In June 2007, Glam Media, a network of women’s fashion and lifestyle sites, passed NBC Universal’s iVilliage.com as the highest trafficked online media company targeting women, per ComScore metrics.
The comparison drew the ire of iVillage’s president Deborah Fine who stated at the time it’s like comparing “apples to cauliflower.” Nevertheless, founder and CEO Samir Arora pointed out that ComScore measures them in the same space, an important distinction from the marketer perspective. To get there, Arora has crafted Glam Media as a publisher network that has grown to over 400 independently operated Web sites clustered around 20 “owned and operated” sites, which now attract about 25 million unique visitors monthly and 43.5 million globally, per ComScore, placing it among the top 25 Internet media companies.
It’s a strategy that Arora claims traditional publishers have missed out on: Eliminating the “destination site” concept by harnessing the power of a carefully assembled network of independent publishers while simultaneously working the marketing side by creating the ad serving technology that injects large-format and interactive ad units directly into the content that best contextualizes them.
A Package Deal
Glam Media, with offices in San Francisco for technology development and New York for media, officially launched during Fashion Week in New York in fall 2005. Since then the company has attracted over 200 advertisers that have purchased a variety of display and rich media ads that are designed to be as attractive and engaging as the content they’re positioned within.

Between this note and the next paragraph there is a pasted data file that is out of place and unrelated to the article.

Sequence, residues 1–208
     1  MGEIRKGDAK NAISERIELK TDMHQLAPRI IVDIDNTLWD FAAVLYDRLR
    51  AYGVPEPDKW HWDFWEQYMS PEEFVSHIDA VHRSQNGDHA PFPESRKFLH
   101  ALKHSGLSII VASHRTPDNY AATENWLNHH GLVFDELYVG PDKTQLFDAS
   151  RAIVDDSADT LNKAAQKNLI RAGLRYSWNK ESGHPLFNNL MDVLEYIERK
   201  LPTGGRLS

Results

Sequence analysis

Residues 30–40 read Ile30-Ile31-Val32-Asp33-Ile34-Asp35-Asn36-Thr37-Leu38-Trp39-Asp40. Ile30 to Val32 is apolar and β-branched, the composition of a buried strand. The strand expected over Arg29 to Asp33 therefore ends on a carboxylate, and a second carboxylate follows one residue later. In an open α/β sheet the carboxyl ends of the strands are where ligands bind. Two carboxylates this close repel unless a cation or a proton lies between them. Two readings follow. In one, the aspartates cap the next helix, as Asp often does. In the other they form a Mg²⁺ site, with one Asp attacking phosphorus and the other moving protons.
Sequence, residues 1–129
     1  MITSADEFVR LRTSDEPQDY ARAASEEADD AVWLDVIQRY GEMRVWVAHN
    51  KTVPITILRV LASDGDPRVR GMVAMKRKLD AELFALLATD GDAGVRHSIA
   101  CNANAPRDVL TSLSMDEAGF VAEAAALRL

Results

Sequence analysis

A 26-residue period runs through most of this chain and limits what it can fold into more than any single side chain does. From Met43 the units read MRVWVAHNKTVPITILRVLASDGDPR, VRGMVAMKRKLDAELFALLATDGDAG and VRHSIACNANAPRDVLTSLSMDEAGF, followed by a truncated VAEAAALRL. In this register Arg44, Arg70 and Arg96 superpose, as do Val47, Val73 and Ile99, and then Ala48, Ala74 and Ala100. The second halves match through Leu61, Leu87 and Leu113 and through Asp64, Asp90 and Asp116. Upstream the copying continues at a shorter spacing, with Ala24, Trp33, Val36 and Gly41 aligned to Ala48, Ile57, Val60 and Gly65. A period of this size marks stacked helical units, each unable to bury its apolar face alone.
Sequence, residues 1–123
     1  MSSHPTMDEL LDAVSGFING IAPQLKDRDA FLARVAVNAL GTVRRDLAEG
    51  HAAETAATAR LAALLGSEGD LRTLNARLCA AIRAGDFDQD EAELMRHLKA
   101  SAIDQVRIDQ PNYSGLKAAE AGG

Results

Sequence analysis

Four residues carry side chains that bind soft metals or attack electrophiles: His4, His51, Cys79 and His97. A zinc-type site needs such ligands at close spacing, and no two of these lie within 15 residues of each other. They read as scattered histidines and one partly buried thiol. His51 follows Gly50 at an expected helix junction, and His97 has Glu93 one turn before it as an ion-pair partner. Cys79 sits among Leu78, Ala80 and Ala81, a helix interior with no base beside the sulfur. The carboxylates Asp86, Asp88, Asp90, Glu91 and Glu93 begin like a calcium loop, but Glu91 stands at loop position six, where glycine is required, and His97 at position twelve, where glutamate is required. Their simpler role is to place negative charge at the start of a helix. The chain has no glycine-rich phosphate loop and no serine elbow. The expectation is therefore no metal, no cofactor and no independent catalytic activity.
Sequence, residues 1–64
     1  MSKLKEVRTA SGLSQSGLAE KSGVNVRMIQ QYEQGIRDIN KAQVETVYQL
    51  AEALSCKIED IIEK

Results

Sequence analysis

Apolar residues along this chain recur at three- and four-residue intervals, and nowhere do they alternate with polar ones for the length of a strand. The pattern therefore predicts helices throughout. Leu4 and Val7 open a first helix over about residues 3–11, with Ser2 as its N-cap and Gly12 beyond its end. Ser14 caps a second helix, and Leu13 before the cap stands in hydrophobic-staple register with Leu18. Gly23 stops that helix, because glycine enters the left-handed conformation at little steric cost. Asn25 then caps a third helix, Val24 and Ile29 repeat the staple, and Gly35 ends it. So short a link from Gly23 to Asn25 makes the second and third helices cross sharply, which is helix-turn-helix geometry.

Arora compares the contextual package arrangement to a typical September issue of Vogue. “If you package content and advertising well the ads are not only desirable, they become as important as the content itself. If you’re reading a September issue of Vogue, is it for the ads, the content, or both?”
According to Arora, it’s both. The fusion of compelling advertising and content is at the center of his company’s mission and something where he says traditional media have largely fumbled the ball. “Most of the traditional media companies were having a hard enough time trying to create content for the Internet and when they tried to bring the advertising experience into it they did not know how to translate the full-page glossy ads or full video immersion to the Internet.”
Glam’s technology division has engineered two technology platforms—one that serves the ads across the network, called Glam Evolution, and one that allows site owners to format and syndicate their content across Glam’s various channels. The combination, says Arora, allows Glam to place ads with a high degree of contextual control.
The ad-edit package is something Arora thinks traditional publishers are inherently unable to do, as long as they keep trying to shoehorn content that comes from a strictly print or broadcast heritage. “Content that resembles traditional media—print or broadcast—actually does not perform very well on the Internet,” he says. “It’s two different things. To engage users on the Internet you have to create highly visual and interactive content.
Glam also produces custom “advertorial” content for its clients, which Arora says accounts for about 20 percent of overall revenues. These products are typically custom packages that include display and rich media ads, as well as interactive elements such as quizzes and microsites. Reebok signed such a deal with Glam in March 2007 for a six-week stretch to promote the launch of Scarlett Johansson’s shoe and apparel line.
Revenues from advertisers are shared with the participating network sites, some making in the high six figures.
The Network Effect, or Life in the ‘Mid-Tail’